The guest blogger above doesn’t seem to realize that she’s being sold a line about empowerment that’s not empowerment at all. Patriarchal religion (in this case, a particular version of Islam) tells her that modest dress empowers her by preventing people from staring at her breasts. She feels more comfortable covered up around her fiance’s family. She talks about the relief of being “removed from her physical attributes.” What she doesn’t seem to notice is that other people’s behavior is what was making her uncomfortable in the first place. The beliefs of her family-to-be (that modest dress is a prerequisite for respect) cause them to stare at her breasts and make her uncomfortable in that subtle, infuriating way that Christian fundamentalists patronizingly smile and conspicuously try not to look at the legs of a newcomer in a short skirt. Her family-to-be’s body language is sending her subtle social signals that she is not okay. Because she is internalizing their ideas and bad behavior, she feels like she is “empowered” when she does what they want and covers up.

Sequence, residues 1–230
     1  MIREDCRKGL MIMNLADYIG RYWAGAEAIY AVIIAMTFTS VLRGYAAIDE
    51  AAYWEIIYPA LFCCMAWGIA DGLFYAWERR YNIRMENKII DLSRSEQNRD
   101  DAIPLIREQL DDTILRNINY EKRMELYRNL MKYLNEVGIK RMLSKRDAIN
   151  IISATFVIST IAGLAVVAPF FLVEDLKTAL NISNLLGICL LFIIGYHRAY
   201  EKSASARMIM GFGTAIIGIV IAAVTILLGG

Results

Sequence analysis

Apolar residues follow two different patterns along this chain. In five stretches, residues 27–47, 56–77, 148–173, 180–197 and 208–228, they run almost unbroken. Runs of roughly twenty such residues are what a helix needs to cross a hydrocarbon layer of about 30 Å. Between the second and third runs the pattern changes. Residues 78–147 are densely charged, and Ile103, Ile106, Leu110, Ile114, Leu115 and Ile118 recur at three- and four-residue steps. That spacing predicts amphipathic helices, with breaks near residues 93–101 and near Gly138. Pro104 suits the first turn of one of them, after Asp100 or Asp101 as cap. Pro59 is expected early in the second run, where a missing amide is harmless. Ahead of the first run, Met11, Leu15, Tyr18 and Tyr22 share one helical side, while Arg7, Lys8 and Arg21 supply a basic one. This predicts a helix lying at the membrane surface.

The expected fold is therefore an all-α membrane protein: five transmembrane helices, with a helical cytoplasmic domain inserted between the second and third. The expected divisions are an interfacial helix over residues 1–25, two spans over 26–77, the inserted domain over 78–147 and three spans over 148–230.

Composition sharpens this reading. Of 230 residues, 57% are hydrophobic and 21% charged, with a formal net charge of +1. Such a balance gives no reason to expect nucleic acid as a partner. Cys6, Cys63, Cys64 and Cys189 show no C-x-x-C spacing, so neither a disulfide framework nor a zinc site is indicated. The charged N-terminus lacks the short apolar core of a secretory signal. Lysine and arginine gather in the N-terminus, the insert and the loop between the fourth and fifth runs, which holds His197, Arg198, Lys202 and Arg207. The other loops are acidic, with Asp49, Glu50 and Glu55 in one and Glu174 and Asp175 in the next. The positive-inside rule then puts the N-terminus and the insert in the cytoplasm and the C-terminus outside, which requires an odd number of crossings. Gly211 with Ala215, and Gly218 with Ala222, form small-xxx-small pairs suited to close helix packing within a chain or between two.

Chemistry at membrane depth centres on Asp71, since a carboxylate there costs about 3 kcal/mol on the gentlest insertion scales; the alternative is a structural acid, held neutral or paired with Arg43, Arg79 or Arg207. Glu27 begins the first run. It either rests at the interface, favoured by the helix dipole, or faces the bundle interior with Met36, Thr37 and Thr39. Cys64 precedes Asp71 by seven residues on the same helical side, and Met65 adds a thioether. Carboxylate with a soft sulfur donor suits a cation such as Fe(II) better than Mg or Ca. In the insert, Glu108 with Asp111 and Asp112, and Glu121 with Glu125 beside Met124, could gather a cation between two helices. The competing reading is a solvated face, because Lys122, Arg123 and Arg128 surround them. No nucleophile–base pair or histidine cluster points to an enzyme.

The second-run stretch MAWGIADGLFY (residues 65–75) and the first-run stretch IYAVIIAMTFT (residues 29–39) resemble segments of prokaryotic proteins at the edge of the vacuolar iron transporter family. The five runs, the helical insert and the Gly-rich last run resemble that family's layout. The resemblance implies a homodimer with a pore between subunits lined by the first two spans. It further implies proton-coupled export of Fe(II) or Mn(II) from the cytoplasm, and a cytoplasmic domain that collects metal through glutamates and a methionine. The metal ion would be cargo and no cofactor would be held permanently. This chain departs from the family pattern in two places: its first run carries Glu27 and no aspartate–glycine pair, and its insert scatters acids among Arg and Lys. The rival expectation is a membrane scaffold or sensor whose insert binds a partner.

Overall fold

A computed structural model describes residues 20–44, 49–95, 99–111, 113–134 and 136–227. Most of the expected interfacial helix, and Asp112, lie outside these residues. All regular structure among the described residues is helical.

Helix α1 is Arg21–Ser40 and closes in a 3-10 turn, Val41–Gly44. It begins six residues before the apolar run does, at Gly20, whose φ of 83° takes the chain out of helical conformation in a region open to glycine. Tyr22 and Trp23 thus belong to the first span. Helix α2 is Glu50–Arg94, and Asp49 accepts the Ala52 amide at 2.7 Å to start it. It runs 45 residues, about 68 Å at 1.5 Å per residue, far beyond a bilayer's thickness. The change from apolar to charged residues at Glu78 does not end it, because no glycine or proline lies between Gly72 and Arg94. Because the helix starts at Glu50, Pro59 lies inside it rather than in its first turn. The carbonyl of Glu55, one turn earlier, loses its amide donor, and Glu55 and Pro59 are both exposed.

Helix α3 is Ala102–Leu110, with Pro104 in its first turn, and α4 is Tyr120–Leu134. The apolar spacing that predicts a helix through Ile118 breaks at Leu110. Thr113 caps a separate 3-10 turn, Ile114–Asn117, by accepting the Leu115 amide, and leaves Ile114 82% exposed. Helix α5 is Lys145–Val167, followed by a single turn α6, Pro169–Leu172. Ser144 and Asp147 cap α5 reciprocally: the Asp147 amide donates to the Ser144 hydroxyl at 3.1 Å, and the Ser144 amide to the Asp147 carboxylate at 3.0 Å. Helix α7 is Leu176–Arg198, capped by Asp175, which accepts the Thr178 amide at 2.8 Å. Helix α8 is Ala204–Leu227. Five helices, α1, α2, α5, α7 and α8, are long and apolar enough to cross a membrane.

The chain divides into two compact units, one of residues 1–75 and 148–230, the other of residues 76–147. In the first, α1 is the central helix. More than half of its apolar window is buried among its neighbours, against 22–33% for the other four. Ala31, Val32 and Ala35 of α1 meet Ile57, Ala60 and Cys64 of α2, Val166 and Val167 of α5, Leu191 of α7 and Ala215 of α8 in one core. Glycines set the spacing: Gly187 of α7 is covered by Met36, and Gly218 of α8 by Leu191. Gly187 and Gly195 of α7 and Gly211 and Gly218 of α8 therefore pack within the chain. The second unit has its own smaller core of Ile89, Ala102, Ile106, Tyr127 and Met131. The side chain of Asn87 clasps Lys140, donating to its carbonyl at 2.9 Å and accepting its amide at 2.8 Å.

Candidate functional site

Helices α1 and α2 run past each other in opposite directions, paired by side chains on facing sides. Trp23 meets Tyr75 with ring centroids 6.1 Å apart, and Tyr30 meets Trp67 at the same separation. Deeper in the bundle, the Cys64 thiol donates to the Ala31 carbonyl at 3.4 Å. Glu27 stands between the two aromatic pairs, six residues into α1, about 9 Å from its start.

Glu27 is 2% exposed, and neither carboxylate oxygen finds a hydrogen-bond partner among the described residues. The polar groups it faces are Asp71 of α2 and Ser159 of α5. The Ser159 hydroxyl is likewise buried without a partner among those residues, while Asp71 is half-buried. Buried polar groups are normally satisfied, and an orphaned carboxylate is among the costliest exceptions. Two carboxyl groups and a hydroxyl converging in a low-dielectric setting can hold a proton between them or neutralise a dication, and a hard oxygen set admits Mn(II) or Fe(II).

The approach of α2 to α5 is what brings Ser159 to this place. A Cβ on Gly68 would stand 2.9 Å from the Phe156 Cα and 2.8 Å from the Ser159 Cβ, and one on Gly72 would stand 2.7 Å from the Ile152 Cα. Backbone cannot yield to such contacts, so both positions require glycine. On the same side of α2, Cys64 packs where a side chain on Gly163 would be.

Niqab: not helping.
(From American Bedu.)

This dynamic is huge in patriarchal religion. When newcomers join a fundamentalist Christian church that demands skirts-only attire or long hair, they are struck first by what they’re told (“Jesus loves you and we welcome you into our family!”) and later by their own failure to fit in. The perceived acceptance they feel from other church members prevents them from connecting their sense of “outsider” status to judgmentalism on the part of the group. Instead, the pressure to change is internalized. It’s peer pressure, plain and simple. But Christians call it “being convicted” for their “sin” of “immodesty.” The “empowerment” that the woman above feels when she acquiesces to the modesty demands of her family-to-be is the same “empowerment” that Christian women feel when they throw out their blue jeans or grow out their hair: it’s just fancy language for “finally fitting in.”